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The making of ‘avakai’

For Mahalakshmi and her sisters it is not about the time, but the love andtradition that counts. Photo: G. Ramakrishna  

It is hot, spicy and spunky. One needs guts to merely pop a piece in the mouth. On the other hand the mere thought of adding it to hot warm rice, topped with desi ghee gets one drooling. The glorious mix of ava (mustard) with kaya (raw mango) is a much awaited ceremony in the Telugu households. Avakai from this region is as famous as the Charminar and the backwaters of Godavari. With summer being the season for fresh mango and chilli, And this is just the best time for the pickle jars to be sealed after the raw mango pieces get blended with oil and spices for the right amount of time.

Afternoons get busy, as terraces and homes fill up with the aroma of spices and oil, and women of the house get to work to serve those who prefer homemade pickle to branded ones from the supermarket anyday.

Mahalakshmi has no time to spare. Besides preparing for the year’s stock for her own house, she has to send pickles to her cousins and friends. Why? “Word travels fast. When I gave one bottle to someone, the other came to know and that became one long chain. I enjoy doing it. If my avakai perks up someone’s meal, I will be more than happy,” smiles Mahalakshmi.

Mahalakshmi is off to the US with the bag of goodies for friends and family. “It is like a custom amongst us and I enjoy the entire procedure from pickling to bottling to packaging. We do special packaging at stores so that the pickle doesn’t leak. It is funny but whether you are carrying pickle to USA or to Jammu Kashmir, you have to request the special shops for US packaging,” laughs Mahalakshmi.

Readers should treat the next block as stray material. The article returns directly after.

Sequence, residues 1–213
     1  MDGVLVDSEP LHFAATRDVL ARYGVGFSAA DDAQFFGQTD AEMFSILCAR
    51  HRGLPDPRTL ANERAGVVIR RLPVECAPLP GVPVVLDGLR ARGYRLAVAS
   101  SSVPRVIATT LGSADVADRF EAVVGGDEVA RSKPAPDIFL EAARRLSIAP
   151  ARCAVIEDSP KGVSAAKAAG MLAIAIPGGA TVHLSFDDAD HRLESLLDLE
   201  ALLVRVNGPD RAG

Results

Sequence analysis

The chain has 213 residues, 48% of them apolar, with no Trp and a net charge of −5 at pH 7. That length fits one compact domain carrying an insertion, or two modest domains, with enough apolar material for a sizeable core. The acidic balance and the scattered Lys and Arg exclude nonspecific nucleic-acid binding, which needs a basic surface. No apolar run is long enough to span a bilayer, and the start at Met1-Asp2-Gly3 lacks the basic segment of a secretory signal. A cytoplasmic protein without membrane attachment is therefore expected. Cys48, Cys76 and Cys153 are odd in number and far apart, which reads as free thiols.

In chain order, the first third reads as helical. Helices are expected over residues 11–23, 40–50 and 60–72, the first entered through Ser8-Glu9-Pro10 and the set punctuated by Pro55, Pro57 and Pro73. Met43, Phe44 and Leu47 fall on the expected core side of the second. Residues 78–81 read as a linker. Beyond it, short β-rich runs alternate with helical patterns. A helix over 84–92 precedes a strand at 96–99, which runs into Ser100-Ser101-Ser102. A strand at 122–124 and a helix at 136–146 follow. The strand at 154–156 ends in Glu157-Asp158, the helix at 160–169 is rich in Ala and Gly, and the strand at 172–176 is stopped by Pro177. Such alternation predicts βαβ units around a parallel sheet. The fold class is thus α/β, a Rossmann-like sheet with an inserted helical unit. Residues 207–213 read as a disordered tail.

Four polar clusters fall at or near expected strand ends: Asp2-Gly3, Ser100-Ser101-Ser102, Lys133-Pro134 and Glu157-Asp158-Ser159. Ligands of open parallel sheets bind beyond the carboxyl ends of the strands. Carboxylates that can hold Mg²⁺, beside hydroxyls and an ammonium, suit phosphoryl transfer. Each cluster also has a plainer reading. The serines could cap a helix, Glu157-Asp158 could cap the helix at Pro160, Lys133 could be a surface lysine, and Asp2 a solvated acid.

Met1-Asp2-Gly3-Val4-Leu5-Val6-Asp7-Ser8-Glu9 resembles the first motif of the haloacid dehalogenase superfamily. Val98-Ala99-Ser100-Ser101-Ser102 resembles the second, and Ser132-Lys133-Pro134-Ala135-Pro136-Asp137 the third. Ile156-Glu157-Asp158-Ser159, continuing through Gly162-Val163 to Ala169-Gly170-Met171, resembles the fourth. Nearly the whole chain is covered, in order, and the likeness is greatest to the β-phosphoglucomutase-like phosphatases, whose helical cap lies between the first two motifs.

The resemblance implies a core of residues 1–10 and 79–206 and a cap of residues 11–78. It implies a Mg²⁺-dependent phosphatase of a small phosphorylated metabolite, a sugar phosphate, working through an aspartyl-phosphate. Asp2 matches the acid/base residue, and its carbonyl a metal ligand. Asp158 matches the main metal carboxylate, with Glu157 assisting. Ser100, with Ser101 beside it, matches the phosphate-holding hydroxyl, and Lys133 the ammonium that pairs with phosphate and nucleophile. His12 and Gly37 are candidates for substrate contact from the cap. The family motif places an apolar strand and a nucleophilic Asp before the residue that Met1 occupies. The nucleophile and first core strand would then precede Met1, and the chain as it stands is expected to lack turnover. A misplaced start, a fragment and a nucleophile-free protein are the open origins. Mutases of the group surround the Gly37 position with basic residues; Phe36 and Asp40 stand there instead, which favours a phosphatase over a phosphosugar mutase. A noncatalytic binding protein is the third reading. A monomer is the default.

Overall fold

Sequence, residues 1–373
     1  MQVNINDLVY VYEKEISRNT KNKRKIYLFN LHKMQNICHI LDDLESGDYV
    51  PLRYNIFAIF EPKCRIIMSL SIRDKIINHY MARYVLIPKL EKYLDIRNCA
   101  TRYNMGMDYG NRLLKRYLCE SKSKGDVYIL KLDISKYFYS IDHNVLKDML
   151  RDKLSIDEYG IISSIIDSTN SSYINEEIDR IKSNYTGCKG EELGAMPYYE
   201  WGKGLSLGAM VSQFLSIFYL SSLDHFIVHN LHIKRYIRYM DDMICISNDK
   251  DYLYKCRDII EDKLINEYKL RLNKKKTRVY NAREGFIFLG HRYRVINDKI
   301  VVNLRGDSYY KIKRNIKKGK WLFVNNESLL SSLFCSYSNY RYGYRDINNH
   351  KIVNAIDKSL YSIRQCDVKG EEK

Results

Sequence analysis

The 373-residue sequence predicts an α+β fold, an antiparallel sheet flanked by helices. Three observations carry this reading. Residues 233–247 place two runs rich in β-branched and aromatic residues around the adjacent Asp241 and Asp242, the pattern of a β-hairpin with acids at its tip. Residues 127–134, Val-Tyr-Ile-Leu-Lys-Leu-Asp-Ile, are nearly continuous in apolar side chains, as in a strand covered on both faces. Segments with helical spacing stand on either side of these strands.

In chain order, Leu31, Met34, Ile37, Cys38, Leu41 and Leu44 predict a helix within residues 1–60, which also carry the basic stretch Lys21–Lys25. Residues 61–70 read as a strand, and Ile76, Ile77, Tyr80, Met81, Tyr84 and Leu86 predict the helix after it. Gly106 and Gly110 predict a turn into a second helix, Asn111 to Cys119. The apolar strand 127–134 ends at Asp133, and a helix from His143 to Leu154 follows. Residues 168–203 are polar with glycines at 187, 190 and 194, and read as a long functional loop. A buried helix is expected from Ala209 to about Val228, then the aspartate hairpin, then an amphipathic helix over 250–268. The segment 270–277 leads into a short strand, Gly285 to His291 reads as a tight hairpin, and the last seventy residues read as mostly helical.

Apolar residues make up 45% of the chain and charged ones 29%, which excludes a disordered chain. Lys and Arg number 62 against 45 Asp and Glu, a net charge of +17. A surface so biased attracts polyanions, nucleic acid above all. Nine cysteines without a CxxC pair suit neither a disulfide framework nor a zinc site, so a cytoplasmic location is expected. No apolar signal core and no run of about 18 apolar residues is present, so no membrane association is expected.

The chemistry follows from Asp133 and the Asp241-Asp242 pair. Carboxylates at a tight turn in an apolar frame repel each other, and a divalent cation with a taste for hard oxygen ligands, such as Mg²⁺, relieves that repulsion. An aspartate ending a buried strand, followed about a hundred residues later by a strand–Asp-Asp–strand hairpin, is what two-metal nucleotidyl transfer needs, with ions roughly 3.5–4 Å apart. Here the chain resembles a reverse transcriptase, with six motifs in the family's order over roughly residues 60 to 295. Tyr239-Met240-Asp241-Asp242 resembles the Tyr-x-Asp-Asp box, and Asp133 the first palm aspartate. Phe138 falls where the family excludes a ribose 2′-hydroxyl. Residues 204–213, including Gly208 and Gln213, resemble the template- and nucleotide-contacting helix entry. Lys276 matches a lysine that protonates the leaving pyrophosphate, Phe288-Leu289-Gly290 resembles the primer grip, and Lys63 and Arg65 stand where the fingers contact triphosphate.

Yet in all this pickling, bottling and relishing, there are a few methods and variety of pickles that have gone out of circulation. One of the favourites which is rarely made these days is the kaya avakaya. Ramani Venkat, another pickle enthusiast who almost makes pickles close to 10 kg every year says, “Preparing Kaya avakaya is an elaborate process Every year I, along with my sisters make close to five varieties of traditional pickles. The style and procedure of each have been passed down to us from our mother and grandmother, both experts in the family. I learnt to make pickles when I was 35 years old and I haven’t stopped since then. Before we set out to make pickles we look at dates and tithis. And then me and my sisters go on a mango hunt and within a day or two our pickles are ready to be put in closed jaadis (ceramic jars).”

But what’s with the tithi? “It is just a matter of sentiment passed on to us by our mother. Making avakai is an important ritual and it must nt spoil, that’s why,”  she explains.

While non-Telugus think pickles of the region are drowning in spice, salt and oil, experts beg to differ. Yellapantula Sunita who considers herself a novice against her more experienced mom and aunt, loves making pickles every summer. “There are some pickles I make only under the supervision of my mom or aunt. Every year my aunt travels from Chennai for a few days to help me make some pickles. She is 84 years and with her age comes the traditions and expertise. I make avakai with bellam (jaggery) and sugar under her supervison and follow her instructions like a rule book. But I need them by my side. It isn’t just about pickles it is about a tradition being passed on and I feel blessed. The exotic variety that rolls out from Sunita’s kitchen is “ Menthikai, Sweet magai variety which are very peculiar to certain parts of Telugu households,” she explains.

Those who are new to avakai, instead of trying the ‘avakai biryani’, follow how the locals relish their avakai annam and experience gastronomic wonders in just a morselful of rice.

Beginners alert: Don’t forget to add the melted ghee to your avakai annam. And keep a glass of water handy, just in case.

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Printable version | Mar 8, 2021 9:45:57 PM | https://www.thehindu.com/features/metroplus/the-making-of-avakai/article7220159.ece

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